Arkansas - Considerations for Marijuana in the Workplace

Marijuana Law:

Marijuana Law:

Employer Concerns – Significant to Review

  • Does not require accommodation for employee use of medical marijuana while under the influence or while in the workplace. 
  • (Ark. Med. Marijuana Amend. of 2016 Sec. 3) “An employer shall not discriminate against an applicant or employee in hiring, termination, or any term or condition of employment, or otherwise penalize an applicant or employee, based upon the applicant’s or employee’s past or present status as a qualifying patient or designated caregiver.”
  • An employer can establish and take actions with an applicant or employee based on a drug-free workplace policy that complies with state or federal law.
  • Has a significant section of definitions including, for example, current use of marijuana, safety-sensitive, under the influence, good faith belief, positive test result for marijuana, (Ark. Med. Marijuana Amend. of 2016 Section 2(22)), employer, “…an entity who employs nine (9) or more employees in the State of Arkansas in twenty (20) or more calendar weeks in the current or preceding calendar year,” and more. These definitions will be critical as an employer operationalizes protocols regarding employee use of marijuana.


  • (Ark. Med. Marijuana Amend. of 2016 Sec. 3) “Establishing and implementing a substance abuse or drug-free workplace policy that may include a drug testing program that complies with state or federal law and taking action with respect to an applicant or employee under the policy.” It is anticipated that SAMHSA-certified testing mirroring DOT is what will qualify for testing as referenced in Ark. Med. Marijuana Amend. of 2016
  • A positive test result for marijuana cannot be the sole basis for a good faith belief that the employee was under the influence, possessed, smoked, ingested, or otherwise engaged in the use of marijuana while on the premises of the employer or during the hours of employment.


  • Cannot discriminate based on history with being a medical marijuana patient.
  • An employer has latitude regarding discipline: paid or unpaid leave, suspend, terminate, require successful completion of a substance abuse program before returning to work or any combination.


  • Does not require accommodation for an employee working under the influence and the employer has latitude to discipline as determined in their drug-free workplace policy as long as that policy complies with state and federal law.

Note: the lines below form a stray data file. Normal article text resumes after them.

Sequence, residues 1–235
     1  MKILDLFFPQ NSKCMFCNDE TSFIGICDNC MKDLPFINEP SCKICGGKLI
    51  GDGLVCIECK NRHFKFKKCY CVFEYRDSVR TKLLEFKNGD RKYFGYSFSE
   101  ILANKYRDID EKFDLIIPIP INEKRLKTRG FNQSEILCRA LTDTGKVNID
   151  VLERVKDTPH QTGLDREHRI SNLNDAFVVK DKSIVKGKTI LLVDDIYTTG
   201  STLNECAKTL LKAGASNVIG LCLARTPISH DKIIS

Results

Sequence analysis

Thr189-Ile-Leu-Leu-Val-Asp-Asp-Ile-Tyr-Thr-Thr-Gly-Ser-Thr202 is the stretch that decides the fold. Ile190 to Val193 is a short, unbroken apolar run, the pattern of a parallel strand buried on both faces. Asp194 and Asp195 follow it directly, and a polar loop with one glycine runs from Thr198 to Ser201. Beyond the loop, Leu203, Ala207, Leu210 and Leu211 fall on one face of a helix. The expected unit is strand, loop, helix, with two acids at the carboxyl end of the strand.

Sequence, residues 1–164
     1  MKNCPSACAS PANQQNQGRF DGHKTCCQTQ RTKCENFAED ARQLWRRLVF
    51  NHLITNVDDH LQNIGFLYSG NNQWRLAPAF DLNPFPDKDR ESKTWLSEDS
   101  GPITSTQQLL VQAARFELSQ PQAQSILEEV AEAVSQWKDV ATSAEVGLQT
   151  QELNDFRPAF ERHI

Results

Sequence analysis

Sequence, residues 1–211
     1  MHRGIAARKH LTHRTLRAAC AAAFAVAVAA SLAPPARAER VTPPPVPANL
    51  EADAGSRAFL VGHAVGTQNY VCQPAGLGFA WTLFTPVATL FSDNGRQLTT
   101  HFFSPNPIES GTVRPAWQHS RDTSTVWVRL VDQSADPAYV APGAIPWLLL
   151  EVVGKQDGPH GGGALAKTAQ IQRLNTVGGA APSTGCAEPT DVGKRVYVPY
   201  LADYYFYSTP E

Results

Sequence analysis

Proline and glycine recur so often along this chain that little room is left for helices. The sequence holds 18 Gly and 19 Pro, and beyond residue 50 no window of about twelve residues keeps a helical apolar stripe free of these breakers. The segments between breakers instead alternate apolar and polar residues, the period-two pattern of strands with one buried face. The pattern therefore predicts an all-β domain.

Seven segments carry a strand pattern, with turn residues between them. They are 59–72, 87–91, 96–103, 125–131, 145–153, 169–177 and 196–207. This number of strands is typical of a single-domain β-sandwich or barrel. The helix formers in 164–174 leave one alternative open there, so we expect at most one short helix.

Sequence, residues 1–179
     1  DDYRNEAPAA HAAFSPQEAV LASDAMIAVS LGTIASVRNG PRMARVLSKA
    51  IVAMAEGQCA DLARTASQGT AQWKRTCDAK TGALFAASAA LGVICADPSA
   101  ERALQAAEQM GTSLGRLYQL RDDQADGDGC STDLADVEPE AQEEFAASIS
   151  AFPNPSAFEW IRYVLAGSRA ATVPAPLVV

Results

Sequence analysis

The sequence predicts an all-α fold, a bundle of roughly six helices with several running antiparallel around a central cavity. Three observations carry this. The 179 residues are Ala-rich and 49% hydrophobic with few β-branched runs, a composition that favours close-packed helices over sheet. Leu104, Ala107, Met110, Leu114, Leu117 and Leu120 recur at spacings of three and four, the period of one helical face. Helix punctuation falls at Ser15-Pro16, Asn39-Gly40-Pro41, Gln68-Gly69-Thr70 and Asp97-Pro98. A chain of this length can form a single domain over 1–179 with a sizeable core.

• Persons under 21 are prohibited from smoking as a means of ingesting marijuana.

Other Impacting Laws

(e.g., drug testing, workers’ compensation, unemployment)
  • There are workers’ compensation and unemployment related voluntary laws with details about drug testing requirements. Although not required, these statutes provide greater latitude to deny workers’ compensation and unemployment claims.
  • Employers workers’ compensation denial – Rebuttable presumption: There will be no compensability where the injury (Ark. Code Ann. 11-9-102(4)(b)(iv)), “…was substantially ‘occasioned’ by alcohol, illegal, prescription drugs were utilized in contravention of the physician’s orders…” The burden is on the employee to prove substance use per this description did not ‘occasion’ the injury.
  • Apply the Checklist of Impacting Issues to Research provided by NDS for additional state laws and issues that can relate to and/or impact your operations regarding employee use of marijuana.


(e.g., Bill Number, Authority)

Sources (e.g., Bill Number, Authority)


This resource is designed to provide accurate information regarding the subject matter covered. It is provided with the understanding that those involved in the resource are not engaged in rendering legal counsel. If legal advice is required, the services of a competent professional should be sought.


Where there are quotation marks, the language is directly from published law. This information is only a summary of some issues and it will benefit the reader to review the information in context (go to the law) and in relation to other laws (e.g. workers compensation, unemployment law).

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Drug Testing Laws for Arkansas

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